Mix the fenugreek, mustard powder, chilli powder and turmeric. Add this to the jar and shake it around gently. Re-cover and put it back into the warm for 2-3 days.

With all the spicesTransfer the lemon pieces and spices to a large saucepan.

Heat the mustard oil in a large frying pan. Fry the mustard seeds and asafoetida.

Keep heating the oil until it starts to smoke, then pour it over the lemons. (This is where it gets a bit frisky.)

Mix well. Allow to cool, transfer to a bowl, cover once more and leave in the warm for another week or so.

Lemon pickle

Now it is ready to put into jars; I tried (without huge success) to decant the excess oil. Then you can give some to your friends as presents, or to your enemies as a chemical weapon…

Ross is an expat thirtysomething Brit who went to the Shakey Isles in search of adventure. Works in technology, enjoys creating, has a love-hate relationship with his kitchen.

Warm thanks go out to Ross for these four great blog posts – hopefully he’ll be back with some more antipodean country skills for the blog in the future!  Have a look at Ross’s other lemon glut-busting recipes for lemonade and lemon liqueur, and lemon sorbet (which you’ll be needing, after sampling this pickle, I think!).

I hope you’ve all enjoyed this contribution from a great guest blogger as much as I have!

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When Life Gives You Lemons – Part 3: lemon sorbet [Guest Blogger]

Lemon TreeToday’s Guest Blogger is Ross, from Christchurch, NZ.

Lemon sorbet

Next up, to cleanse the palate, a simple sorbet. Note that if you have an ice cream maker it’ll make life easier, but it’s not mandatory (I don’t have one).

This recipe uses 8 lemons, and makes about 2.5 cups of sorbet.

  • Make up some simple syrup (see post 1 of this series) with 1 cup of water and 1 cup of sugar.
  • While it’s cooling, zest most of the lemons. You’re looking for about 2 tsp of zest – the finer, the better – I reckoned I had enough after six lemons.
  • Juice the lemons. You’re looking for about a cup of juice.
  • Mix the juice, zest and cooled syrup. Chill well (I left mine in the fridge for a couple of hours).

Now freeze. If you have an ice cream maker, you’re all set – but I don’t. That’s OK, it just means a bit more effort. The end product is a water ice, not a block of solid ice, so all you have to do is fluff it up a bit as it freezes.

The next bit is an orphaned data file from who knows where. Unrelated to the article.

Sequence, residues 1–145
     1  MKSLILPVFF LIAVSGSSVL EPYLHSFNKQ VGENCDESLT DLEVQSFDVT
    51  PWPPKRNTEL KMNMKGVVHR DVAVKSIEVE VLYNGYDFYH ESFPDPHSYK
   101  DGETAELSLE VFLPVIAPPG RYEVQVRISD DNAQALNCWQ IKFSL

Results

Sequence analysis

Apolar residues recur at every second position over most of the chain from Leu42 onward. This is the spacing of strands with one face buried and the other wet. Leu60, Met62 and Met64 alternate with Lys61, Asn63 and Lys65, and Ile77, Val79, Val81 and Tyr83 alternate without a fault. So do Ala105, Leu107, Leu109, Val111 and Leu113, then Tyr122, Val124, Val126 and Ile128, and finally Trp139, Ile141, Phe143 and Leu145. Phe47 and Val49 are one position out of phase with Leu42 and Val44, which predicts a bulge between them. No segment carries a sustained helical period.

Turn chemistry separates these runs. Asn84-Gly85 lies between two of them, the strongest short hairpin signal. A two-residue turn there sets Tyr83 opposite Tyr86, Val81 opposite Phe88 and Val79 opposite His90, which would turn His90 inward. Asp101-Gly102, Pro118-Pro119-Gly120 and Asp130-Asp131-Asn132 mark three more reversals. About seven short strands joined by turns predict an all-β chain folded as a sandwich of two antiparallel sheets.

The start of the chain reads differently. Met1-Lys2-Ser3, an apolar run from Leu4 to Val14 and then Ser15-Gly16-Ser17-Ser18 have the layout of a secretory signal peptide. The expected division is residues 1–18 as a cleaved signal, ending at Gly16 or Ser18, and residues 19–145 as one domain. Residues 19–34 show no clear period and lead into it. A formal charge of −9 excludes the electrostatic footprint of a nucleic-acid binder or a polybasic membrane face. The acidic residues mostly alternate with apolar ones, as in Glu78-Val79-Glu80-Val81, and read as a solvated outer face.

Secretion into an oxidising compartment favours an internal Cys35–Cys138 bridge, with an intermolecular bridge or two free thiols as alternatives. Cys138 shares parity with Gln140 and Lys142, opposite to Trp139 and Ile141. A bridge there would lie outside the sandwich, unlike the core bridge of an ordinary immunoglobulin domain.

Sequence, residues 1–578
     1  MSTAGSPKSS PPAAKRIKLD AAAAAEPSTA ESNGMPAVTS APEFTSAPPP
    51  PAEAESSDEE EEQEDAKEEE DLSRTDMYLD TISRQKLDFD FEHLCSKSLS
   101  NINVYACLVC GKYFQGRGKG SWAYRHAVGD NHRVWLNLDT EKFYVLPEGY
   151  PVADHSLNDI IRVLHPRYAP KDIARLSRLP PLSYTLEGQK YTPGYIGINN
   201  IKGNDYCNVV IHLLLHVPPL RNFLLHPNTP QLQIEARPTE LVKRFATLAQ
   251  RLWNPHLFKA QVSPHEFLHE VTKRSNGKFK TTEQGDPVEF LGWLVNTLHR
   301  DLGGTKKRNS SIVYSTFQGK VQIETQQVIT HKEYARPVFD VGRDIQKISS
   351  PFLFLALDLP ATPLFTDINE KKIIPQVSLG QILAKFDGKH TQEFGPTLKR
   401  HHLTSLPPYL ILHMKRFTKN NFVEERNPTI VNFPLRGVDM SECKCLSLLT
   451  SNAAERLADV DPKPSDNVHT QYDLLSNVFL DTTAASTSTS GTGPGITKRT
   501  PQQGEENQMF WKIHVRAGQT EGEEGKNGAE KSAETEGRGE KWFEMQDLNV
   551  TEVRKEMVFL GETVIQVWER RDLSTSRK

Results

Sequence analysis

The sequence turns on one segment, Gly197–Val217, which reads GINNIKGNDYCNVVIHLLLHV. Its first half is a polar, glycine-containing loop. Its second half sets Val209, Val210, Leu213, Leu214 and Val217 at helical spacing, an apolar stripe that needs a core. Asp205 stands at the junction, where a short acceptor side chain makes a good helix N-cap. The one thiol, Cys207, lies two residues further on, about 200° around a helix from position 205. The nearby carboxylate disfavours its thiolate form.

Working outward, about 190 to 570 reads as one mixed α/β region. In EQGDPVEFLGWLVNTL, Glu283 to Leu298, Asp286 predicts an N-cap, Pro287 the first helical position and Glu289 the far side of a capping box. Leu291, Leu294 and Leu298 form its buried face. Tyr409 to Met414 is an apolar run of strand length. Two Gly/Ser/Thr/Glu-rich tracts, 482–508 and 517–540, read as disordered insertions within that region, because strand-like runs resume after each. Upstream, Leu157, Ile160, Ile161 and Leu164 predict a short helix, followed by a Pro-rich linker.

Lemon Sorbet

  • I split the mixture into a couple of clean shallow plastic tubs and put them in the freezer.
  • After a few hours it was semi-solid; I mashed it up with a fork, then put it back in the freezer. Ideally I’d have done this again after a few more hours, but it was late in the evening so I left it overnight. This was maybe a bit too long as it was nearly solid so was a lot of work! (You could probably use a blender instead, but I don’t have one.)
  • Then put it back in the freezer. After 12-24 hours it’s frozen enough to serve.

Ross is an expat thirtysomething Brit who went to the Shakey Isles in search of adventure. Works in technology, enjoys creating, has a love-hate relationship with his kitchen.

Have a look at Ross’s other lemon glut-busting recipes for lemonade and lemon liqueur.  Coming up soon, lemon pickle.  Watch this space!

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When Life Gives You Lemons – Part 2: lemon liqueur, or ‘limoncello’ [Guest Blogger]

Today’s Guest Blogger is Ross, from Christchurch, NZ.

Lemon Liqueur

I did the first part of this at the same time as I made up some lemonade. This was a small test batch but will scale up directly.

IngredientsIngredients –

  • A half bottle of vodka (375ml) – not flavoured, you want something as pure and tasteless as you can find.
  •  8 lemons (zest only). Go for lemons with thick peels if you can, to maximise the amount of zest.

Sterilise a large sealable jar. This is the same as for making jam – a careful clean, rinse well, then dry in a slow oven.

Scrub and dry the lemons, make sure you’ve removed any wax. Now zest them; be very careful not to take any pith or you will spoil the result.

While the jar was cooling, I juiced the lemons to make the lemonade.

Lemon liqueur, infusingPut the zest into the jar and add the vodka. Make sure all the zest is covered, then seal it up and stash in a cool dark place for a while. I found a number of different recipes suggesting anything from 2 to 45 days; I left it for two weeks.

… time passes …